Extending the HTML trick: using actual images

Eric Sevareid famously said that the chief cause of problems is solutions. The same applies to the HTML trick I blogged about yesterday. As soon as you solve the problem of using HTML directly in your control add-ins, another problem arises: what do you do with actual images your control add-in includes?

This post explains how to solve that problem, and how to make it possible for your control add-in to both use HTML for defining UI and use relative control add-in paths to images.

Let’s dig in.

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NAV TechDays 2018 Demos: Customer Star Rating

I usually post my NAV TechDays demo stuff for you to use and abuse, and this year won’t be an exception. There are three changes, to previous years, specially the last year. First, you won’t need to wait until New Year’s Eve for me to post my stuff. Second, I’ll blog each of the demos individually, because of the third reason. Third, I don’t want to merely dump my code here with a big fat disclaimer; no – I’ll dump it with a big fat disclaimer and some explanations about what the code does and why.

So, here we go, the first demo (actually the second, because I already posted that Muppet Theme): Customer Star Rating control add-in.

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Encapsulation in JavaScript

This will be my last post in the “JavaScript for (C/)AL Developers” series today. If I continued blogging about nearly pure JavaScript stuff, you could reasonably ask if this is in fact an NAV blog or a JavaScript one. It’s still NAV, and while the stuff I am about to write about is purely a JavaScript concept, I find it highly relevant for any control add-in developer. So, hold my beer, and bear with me for another one.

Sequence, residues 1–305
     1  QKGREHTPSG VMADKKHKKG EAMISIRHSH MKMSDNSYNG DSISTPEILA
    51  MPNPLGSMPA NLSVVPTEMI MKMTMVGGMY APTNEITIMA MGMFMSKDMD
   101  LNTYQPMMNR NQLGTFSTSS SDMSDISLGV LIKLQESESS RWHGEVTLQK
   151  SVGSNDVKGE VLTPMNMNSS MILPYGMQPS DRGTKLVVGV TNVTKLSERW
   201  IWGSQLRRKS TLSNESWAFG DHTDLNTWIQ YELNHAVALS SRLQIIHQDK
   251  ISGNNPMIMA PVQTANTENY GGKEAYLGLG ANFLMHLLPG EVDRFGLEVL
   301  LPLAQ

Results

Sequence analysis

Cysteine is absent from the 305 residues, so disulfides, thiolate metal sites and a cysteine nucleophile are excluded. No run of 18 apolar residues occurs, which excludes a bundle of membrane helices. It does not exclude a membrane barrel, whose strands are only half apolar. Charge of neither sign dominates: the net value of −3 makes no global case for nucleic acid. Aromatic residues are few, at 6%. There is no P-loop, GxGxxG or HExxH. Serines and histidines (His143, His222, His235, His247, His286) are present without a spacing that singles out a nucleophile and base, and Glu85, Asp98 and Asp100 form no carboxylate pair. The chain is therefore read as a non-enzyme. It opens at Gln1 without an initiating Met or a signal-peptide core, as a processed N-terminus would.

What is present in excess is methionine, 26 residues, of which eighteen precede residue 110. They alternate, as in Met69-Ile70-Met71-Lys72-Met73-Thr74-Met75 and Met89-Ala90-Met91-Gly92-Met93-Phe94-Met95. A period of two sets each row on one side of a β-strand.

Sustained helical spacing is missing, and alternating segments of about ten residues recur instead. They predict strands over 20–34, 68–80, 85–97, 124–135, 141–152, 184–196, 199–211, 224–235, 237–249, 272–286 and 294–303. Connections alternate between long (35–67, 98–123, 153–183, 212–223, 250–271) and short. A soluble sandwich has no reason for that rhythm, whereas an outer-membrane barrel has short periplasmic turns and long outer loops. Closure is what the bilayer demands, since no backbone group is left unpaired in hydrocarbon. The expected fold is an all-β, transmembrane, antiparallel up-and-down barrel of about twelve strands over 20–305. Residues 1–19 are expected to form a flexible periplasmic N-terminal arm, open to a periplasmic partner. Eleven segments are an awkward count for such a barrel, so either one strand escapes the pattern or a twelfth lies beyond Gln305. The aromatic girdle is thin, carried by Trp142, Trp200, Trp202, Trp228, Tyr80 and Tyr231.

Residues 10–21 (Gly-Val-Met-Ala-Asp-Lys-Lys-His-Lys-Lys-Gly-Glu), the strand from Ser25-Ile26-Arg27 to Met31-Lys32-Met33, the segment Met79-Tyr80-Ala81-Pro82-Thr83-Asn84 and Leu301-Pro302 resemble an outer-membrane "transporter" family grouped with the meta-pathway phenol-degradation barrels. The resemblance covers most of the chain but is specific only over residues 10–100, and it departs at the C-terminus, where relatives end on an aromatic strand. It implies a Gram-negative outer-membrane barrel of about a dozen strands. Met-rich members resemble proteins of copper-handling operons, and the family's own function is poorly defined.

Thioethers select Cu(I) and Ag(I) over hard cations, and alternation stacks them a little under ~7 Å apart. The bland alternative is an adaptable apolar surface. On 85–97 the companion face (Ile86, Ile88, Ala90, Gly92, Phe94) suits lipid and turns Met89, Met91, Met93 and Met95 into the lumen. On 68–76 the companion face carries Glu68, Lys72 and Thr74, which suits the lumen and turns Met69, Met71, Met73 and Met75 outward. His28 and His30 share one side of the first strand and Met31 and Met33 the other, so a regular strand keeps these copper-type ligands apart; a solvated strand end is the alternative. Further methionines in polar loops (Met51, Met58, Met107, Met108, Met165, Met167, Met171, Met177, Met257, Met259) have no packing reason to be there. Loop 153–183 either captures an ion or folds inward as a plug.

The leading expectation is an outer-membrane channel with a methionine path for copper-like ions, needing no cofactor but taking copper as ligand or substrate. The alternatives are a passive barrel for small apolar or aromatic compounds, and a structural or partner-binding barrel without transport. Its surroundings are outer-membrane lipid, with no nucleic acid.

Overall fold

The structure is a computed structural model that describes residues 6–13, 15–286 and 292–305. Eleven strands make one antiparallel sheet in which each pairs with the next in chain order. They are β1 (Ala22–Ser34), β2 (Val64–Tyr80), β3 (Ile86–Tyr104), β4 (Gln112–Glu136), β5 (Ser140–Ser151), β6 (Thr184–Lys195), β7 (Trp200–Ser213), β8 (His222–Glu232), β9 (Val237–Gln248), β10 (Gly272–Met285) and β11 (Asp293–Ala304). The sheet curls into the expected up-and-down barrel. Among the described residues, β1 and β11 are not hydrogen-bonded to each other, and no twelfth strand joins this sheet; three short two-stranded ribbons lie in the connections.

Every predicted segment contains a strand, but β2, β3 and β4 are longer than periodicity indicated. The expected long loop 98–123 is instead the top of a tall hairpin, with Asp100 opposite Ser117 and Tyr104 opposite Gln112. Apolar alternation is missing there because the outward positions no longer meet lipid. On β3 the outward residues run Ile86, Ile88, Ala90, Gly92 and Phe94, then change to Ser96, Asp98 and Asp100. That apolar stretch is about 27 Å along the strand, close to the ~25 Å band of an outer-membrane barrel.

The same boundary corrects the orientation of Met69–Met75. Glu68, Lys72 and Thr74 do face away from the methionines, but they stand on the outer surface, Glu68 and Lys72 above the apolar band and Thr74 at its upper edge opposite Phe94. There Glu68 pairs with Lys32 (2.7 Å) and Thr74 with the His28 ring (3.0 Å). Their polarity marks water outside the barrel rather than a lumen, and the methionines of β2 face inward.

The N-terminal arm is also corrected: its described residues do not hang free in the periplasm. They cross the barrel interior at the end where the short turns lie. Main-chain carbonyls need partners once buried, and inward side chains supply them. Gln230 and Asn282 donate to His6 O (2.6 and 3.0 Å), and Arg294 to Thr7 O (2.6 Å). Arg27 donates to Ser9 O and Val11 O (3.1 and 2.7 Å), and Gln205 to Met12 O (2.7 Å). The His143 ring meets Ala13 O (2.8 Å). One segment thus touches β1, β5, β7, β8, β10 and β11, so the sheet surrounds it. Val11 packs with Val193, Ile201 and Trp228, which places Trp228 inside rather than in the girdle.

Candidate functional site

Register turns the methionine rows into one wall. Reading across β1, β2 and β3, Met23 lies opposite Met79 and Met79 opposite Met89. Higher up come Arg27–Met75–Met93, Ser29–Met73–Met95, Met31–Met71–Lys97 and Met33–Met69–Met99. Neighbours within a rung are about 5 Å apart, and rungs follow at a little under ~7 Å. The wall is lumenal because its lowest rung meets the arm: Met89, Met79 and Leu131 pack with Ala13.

One of the complaints I often hear about JavaScript is that in JavaScript there is no encapsulation. This is almost completely true, except for the fact that it’s entirely false.

Where is the problem in the first place, and then what is the solution? Let’s dive in.

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Some more thoughts about trampling over $

I am on a spree today. The number of topics I wanted to blog about has accumulated, and I just decided to dump the stuff over here while I both feel the motivation and have time for blogging. However, in this hurry, I forgot to add some important content to my previous post.

First, I forgot to mention that the example of my preserve-jquery script trick can be found in this github repo:


That’s the demo I blogged about earlier today, except this time it has two more branches:

  • Branch “problem”: showcases how a problematic script can break your code.
  • Branch “solution”: showcases how this problem can be fixed by applying the trick from my previous post

Also, there are two JSFiddles I created to follow screenshot-base examples from the post:

I have one more topic to cover today, which has much more to do with JavaScript than control add-ins, but I still find it very relevant. Stay tuned.

Preventing trampling over $

In my previous post, I’ve written about the situation when you (or somebody you trust) redeclares the $ variable, thus inadvertently breaking all your jQuery code. I’ve also explained how to remedy for it inside the code you write by applying the Immediately Invoked Function Expression (IIFE) or Self-Executing Anonymous Function pattern.

However, is there anything you can do to prevent anyone from trampling over $ or jQuery variables in the first place?

As I said in my last post, yes, and no.

Let’s take a closer look at it.

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